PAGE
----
How effective was Nazi propaganda 1933-1945?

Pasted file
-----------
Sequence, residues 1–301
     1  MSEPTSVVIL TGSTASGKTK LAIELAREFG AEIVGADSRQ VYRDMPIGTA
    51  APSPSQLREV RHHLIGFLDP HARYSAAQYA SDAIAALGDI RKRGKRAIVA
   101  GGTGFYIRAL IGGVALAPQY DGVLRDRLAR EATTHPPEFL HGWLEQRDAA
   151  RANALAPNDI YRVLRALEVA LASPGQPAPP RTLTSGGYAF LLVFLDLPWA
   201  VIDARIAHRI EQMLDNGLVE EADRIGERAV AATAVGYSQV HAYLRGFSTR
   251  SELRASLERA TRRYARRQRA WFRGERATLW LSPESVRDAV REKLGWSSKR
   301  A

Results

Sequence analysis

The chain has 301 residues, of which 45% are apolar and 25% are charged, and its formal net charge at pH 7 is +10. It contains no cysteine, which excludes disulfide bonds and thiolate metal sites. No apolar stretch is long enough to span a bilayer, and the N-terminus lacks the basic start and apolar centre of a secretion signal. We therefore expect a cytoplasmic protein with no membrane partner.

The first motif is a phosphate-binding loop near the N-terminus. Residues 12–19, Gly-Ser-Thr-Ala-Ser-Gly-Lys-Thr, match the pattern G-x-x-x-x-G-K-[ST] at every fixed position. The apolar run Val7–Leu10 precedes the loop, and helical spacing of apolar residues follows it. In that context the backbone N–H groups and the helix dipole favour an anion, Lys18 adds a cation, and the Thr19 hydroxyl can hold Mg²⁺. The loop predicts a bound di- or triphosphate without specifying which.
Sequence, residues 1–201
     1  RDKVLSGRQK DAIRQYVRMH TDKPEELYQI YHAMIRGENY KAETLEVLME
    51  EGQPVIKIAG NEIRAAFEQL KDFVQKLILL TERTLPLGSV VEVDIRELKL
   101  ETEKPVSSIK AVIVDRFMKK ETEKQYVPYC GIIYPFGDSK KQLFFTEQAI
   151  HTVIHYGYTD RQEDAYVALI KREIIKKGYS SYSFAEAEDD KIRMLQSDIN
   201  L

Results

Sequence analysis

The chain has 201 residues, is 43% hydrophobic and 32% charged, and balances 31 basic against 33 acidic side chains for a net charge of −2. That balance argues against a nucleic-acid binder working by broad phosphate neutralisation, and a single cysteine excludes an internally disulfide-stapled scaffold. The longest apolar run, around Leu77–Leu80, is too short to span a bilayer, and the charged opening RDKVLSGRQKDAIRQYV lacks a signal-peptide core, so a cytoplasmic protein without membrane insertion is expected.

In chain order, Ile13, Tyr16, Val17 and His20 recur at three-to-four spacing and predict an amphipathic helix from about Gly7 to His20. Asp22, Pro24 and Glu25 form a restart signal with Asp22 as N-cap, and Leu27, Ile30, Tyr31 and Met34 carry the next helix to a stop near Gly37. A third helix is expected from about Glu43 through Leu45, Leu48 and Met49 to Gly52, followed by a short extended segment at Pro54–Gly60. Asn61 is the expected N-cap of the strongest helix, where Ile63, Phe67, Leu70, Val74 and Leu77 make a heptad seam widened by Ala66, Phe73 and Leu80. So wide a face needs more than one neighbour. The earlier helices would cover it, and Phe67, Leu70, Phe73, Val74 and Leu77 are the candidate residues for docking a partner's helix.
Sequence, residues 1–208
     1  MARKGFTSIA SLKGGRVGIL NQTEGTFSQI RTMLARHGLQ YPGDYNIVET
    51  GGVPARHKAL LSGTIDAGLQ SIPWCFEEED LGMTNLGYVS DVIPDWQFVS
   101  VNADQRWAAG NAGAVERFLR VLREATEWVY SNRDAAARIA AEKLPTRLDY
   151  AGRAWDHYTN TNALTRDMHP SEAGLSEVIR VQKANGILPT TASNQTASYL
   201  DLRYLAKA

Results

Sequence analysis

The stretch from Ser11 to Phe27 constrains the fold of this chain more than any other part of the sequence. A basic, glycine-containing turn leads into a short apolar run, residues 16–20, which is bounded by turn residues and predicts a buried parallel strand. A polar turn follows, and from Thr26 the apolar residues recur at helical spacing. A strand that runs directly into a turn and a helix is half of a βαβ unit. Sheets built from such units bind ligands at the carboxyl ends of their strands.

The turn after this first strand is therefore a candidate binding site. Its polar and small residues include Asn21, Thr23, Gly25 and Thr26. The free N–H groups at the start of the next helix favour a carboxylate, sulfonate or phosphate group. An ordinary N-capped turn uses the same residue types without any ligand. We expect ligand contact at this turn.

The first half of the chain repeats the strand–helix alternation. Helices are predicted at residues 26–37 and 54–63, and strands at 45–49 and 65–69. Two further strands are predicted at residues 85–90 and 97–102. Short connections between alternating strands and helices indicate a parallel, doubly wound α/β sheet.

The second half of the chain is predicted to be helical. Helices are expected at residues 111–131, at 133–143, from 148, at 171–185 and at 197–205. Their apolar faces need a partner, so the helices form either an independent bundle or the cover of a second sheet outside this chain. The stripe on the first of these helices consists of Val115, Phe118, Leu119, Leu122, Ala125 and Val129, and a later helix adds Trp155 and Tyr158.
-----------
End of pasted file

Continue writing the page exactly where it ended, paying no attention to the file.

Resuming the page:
Propaganda was recognized by Hitler and his men as an important tool for the success of a regime. As Goebbels said in 1934, “Propaganda was our sharpest weapon in conquering the state, and remains our sharpest weapon in maintaining and building up the state.” Practically, propaganda was aimed at winning support for policies and keeping the population contented. Yet more than that, it was aimed to indoctrinate the nation to believe in a ‘people’s community’ and to ‘mobilize the spirit’. Goebbels wanted to create ‘one single public opinion’ that was committed to the regime, yet the effect of propaganda varied across different social groups, and changed over time. Some such as Welch thought the youth was particularly receptive to the regime, while Mason suggests that the working class was more resistant to propaganda. Moreover, effectiveness changed over time, most evidently reflected by the turning points in 1939 when war broke out and in 1943 with the defeat in Stalingrad. Propaganda could be said to be the most successful from 1933 to 1936, while the focus had to be shifted to prepare the nation in the years leading up to the war, and faith in the regime collapsed by 1945 as people realized the looming defeat. More importantly, the use of terror and coercion poses a challenge to the effectiveness of propaganda in generating genuine and active support instead of terrorizing the population into passive submissiveness. Ultimately, the effectiveness of propaganda lay in its ability to build on existing prejudices rather than create new beliefs, and in creating the ‘Hitler Myth’ (Kershaw) that focused on the cult of Hitler himself rather than the Nazi Party as a whole. However, it can also be argued that the regime lived on people’s passive conformity and acceptance rather than genuine commitment, and that the success of the regime was partially due to practical economic stability the state provided rather than the effectiveness of propaganda. Under Nazism, propaganda came in different forms and projected different ideas onto its people, and effectiveness varied depending on whether propaganda was building on already existing traditional prejudices. The state controlled media to a large degree as it held everyone involved in cultural activity accountable for their creativity. When Hitler cam into power in 1933, there were 4700 newspapers, 3% of which was controlled by the NSDP. Near the end of the war by 1944, there were 997 newspapers, 82% of which was controlled by the NSDP. Provisions were made for cheap radios which could not pick up foreign broadcasts, and between 1932 to 1939 the number of families with radios rose from 25% to 70%, making Hitler’s speeches readily accessible to the German population. Goebbels described radio as “the spiritual weapon of the totalitarian state”, and all news broadcasts came through the Nazi Office of Propaganda. These forms of propaganda were the most well-received by the German people, probably because indoctrination was tactically infused with daily information rather than being obvious and repulsing the public. Other forms, such as films and the arts, had to be handled with care to avoid the risk of generating uneasiness. Films that exaggerated in glorifying Hitler or anti-semitic propaganda turned out to be a disaster, while more subtle ways to infuse similar ideas with light entertainment were much more successful. Ultimately, films and the arts were utilized by the state more to gain support and popularity through providing entertainment rather than to indoctrinate the people with Nazism. Similarly, propaganda that came in the form of posters focused on building on existing traditional beliefs the German people held. This could be found among posters promoting women as a sign of fertility and strength, and that the perfect family should be one of blue eyes and blonde hair, emphasizing on the pure and superior Aryan race where...
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